Start your detox today with this super healthy and tasty detox salad recipe. Avocado and kale are two especially well known super foods that have anti-inflammatory properties and lots of nutrients. We combine them into this easy salad that is not only hearty and filling, but will also help detox your body.
Kale was definitely not my favorite vegetable back in the day, and I never thought I would like it so much. Over time, I’ve learned that most of the time the reason you don’t like a certain vegetable is simply because of the way it’s prepared. Most people, when they hear the word kale, think of the death cooked green vegetable that has a slightly bitter taste and is barely tolerable. Unfortunately, very often you get kale served exactly like that.
Kale is a real beauty vegetable, as it contains tons of phytochemicals, fiber and antioxidants. To preserve all these wonderful substances, it is best eaten raw and with the right dressing it tastes really wonderful. This dressing doesn’t contain any oils, but gets the fat from the avocado alone, which makes for a dreamy creamy texture. The sautéed tempeh adds the necessary crunch to the dish.
Kale contains quite a bit of iron, potassium and calcium. It’s also rich in vitamins C, E and K, so it’s worth incorporating more kale into your diet. With such a delicious salad recipe, it’s certainly no longer difficult to do.
If you prepare the kale salad with creamy avocado dressing and tempeh you will notice how delicious kale can taste and how great it tastes in combination with avocado and tempeh.
Kale salad with creamy avocado dressing and tempeh, kale salad recipe, vegan kale salad
Kale: An unbeatable vegetable
Kale is an incredibly healthy and highly alkaline vegetable. It provides plenty of calcium, iron, vitamin K and vitamin C, plus a host of antioxidant-rich phytochemicals. Its high-quality protein further ensures that it is consistently recommended as an alternative to animal protein. Medical studies also show what the ancients knew long ago: kale is a healing food! Our delicious kale recipes prove how tasty kale can be prepared.
Kale: The alkaline source of iron and protein
Kale (Brassica oleracea var. sabellica) – also known as curly kale, feathered kale or winter kale – is a superlative vegetable. Kale is one of the most alkaline foods, and one of the healthiest winter vegetables to boot. The reason for this is its nutrient density coupled with high vital substance content. For example, it provides an enormous amount of protein for a vegetable, namely about 4 grams per 100 grams. At the same time, it is an excellent source of calcium (200 mg/100 g), and its iron content of 2 mg per 100 grams is also very respectable.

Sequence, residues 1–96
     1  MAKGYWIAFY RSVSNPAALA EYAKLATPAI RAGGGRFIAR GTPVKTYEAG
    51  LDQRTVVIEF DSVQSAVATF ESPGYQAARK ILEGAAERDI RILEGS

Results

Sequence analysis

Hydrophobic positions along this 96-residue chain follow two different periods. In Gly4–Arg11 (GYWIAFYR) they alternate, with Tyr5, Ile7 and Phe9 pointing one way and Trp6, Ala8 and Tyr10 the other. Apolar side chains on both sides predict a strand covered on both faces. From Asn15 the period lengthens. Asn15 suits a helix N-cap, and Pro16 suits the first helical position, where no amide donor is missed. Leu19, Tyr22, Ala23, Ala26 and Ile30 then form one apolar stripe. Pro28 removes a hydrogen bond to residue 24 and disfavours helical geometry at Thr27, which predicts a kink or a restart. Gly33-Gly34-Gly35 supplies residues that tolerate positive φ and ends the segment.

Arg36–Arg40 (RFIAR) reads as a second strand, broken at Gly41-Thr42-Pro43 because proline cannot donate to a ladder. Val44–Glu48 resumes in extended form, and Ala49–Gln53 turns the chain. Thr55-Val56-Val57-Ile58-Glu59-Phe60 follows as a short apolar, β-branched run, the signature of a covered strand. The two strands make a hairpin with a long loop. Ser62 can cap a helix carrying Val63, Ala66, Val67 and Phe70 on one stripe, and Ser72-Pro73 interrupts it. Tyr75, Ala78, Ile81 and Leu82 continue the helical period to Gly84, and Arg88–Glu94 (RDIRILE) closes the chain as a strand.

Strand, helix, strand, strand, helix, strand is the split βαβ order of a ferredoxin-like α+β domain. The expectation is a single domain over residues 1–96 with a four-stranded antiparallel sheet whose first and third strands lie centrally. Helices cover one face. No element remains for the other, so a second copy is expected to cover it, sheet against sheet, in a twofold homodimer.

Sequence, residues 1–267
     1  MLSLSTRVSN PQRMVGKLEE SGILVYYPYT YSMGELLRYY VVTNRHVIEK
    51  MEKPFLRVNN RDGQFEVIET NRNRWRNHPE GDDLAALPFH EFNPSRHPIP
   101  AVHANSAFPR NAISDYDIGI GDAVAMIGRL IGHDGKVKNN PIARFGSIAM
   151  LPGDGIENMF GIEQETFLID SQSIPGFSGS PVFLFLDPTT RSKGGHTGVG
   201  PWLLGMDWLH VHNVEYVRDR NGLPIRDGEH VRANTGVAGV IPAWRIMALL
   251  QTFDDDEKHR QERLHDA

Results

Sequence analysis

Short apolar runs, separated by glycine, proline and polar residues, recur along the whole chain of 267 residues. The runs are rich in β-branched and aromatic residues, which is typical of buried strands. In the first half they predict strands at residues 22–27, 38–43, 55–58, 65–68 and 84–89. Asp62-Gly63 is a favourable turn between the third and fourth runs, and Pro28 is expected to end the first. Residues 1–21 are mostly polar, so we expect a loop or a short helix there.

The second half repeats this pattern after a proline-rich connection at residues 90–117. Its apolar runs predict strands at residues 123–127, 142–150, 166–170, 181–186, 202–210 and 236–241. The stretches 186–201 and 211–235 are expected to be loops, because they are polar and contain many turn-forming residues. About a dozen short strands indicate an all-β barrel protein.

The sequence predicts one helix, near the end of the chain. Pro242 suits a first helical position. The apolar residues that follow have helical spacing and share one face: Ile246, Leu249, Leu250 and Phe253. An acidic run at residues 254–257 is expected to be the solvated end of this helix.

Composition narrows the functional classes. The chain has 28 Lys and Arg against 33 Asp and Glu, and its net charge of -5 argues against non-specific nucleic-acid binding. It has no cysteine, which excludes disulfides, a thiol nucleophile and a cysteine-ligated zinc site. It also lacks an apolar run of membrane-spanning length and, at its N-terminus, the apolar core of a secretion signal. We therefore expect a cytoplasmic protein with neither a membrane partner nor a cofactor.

Traditionally, winter cabbage is prepared hearty with clarified butter and bacon and then served with sausages, Kassler or similar. For this purpose, it is often cooked for up to 1.5 hours, which of course is not so good for its valuable ingredients.
In modern times, kale is therefore increasingly found in raw food dishes, such as the popular green smoothies. It is also served as a salad or gently steamed vegetable.
For in between, there are crispy kale chips in raw food quality. Because only in this way can the superfood kale give us all that is in it. Above all, its secondary plant compounds and antioxidants are considered natural shields against various diseases and are extremely sensitive to heat.
The history of kale
Like all other cabbage varieties, kale is a cruciferous plant that originates from wild cabbage. According to sources, the so-called green curly kale, the forerunner of today’s kale, was cultivated in the Mediterranean region as early as the 3rd century BC and used primarily as a medicinal plant. In ancient Egypt, the cabbage vegetable was even used for 83 diseases.
The ancient Greeks, of course, also used it, for example, to alleviate the physical consequences of excessive alcohol consumption. The physician Hippocrates, on the other hand, recommended a broth of kale leaves for stomach ailments, diarrhea, cough and hoarseness.
And the Roman statesman Cato the Elder noted in his book on medicinal plants that a single pounded cabbage leaf could help defeat breast cancer. In ancient Rome, the so-called “Sabelline cabbage” was so prized that it could help kale farmers achieve true prosperity.
Kale: The superfood of the cabbage vegetables
Today, the term superfood is increasingly used to describe anything but a superfood. Kale, however, is indeed a true superfood.